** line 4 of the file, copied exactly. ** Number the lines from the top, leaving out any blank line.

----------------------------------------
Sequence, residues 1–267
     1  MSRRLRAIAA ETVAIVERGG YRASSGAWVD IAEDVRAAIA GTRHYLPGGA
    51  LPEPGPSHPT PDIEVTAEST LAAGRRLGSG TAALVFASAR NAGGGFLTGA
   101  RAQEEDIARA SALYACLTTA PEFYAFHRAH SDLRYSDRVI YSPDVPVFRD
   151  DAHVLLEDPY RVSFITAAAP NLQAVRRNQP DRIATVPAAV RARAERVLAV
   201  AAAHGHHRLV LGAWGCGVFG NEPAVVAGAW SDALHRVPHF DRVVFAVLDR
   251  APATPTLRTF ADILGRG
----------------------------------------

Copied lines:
   101  RAQEEDIARA SALYACLTTA PEFYAFHRAH SDLRYSDRVI YSPDVPVFRD